The Promethium APT, also refered to as StrongPity, has been found to be involved in a new series of attacks, risking constant exposure.
What’s going on?
The activities of the hacking group can be traced back to 2012 and are associated with political cyber-espionage. However, the threat actor is expanding its reach and attempting to infect victims across various countries, instead of focusing only on Turkey and Syria. According to the recently collected samples, the targets belong to Vietnam, Cambodia, India, and Canada. Moreover, four trojanized setup files have been spotted, including Firefox, 5kPlayer, DriverPack, and VPNpro.
About the trojanized installers
- A custom, digitally signed bundler or dropper is used that incorporates the malicious elements, along with the legit software.
- The encryption varies from installer to installer, although the key length remains unaltered.
- According to observations by Bitdefender, it is believed to be a state-sponsored group.
- The IOCs associated with it can be found here.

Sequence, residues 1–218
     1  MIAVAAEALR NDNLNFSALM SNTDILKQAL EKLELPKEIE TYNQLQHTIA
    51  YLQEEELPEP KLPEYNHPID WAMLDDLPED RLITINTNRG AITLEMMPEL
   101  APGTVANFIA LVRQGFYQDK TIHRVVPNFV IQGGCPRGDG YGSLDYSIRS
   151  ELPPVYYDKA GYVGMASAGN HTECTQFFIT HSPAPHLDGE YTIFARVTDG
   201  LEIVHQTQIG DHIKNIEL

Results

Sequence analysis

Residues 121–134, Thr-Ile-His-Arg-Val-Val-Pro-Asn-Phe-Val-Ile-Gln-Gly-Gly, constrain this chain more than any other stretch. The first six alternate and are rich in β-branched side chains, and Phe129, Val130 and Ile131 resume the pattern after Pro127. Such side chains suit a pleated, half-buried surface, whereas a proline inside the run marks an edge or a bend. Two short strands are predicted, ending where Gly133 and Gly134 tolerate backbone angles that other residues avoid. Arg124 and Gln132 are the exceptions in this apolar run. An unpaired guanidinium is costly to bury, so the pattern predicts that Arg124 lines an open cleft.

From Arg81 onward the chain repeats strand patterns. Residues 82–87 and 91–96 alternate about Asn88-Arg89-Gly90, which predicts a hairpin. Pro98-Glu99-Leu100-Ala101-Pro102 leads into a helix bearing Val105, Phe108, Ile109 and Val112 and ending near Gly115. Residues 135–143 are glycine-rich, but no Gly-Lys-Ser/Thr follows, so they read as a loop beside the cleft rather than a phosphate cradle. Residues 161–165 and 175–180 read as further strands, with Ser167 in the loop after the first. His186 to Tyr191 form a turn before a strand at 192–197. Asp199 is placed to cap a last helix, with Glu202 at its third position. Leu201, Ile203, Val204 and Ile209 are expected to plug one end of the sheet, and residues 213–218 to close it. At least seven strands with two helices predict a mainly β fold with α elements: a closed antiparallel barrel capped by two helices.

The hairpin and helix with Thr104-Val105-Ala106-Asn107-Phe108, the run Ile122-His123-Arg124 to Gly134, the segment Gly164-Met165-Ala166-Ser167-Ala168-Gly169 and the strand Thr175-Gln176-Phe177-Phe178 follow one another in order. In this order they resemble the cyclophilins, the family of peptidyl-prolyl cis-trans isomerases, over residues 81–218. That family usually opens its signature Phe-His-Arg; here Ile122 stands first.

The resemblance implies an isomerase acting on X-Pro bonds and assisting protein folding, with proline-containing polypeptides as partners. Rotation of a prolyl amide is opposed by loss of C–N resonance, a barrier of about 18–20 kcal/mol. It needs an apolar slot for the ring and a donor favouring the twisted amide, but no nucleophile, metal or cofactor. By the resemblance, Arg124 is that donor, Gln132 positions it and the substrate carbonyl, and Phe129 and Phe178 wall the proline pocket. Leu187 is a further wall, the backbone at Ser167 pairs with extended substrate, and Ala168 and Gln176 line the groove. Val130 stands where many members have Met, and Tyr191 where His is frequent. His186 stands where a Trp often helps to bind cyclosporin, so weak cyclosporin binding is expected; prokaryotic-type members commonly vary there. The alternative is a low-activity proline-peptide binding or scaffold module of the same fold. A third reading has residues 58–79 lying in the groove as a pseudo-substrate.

How does it work?
- The group's Comand & Control (C2) servers contain three infrastructure layers: proxy servers, VPNs, and IP addresses receiving forwarded data. A total of 47 servers were traced with various functionalities.
- Around 30 C2 servers have been associated with the threat actor’s highly sophisticated malware - StrongPity3.
- The group targets a higher number of victims by bolstering its toolkit via the use of new trojanized setup files that deploy the StrongPity3 malware.
The bottom line
The bottom line is that Promethium APT is a resilient threat actor since it has not been subdued even after repeated exposure. They seem to be determined to attain their mission as shown by their recent attack campaigns. Based on the characteristics of the group revealed so far, some experts believe it to be a nation state-backed operation.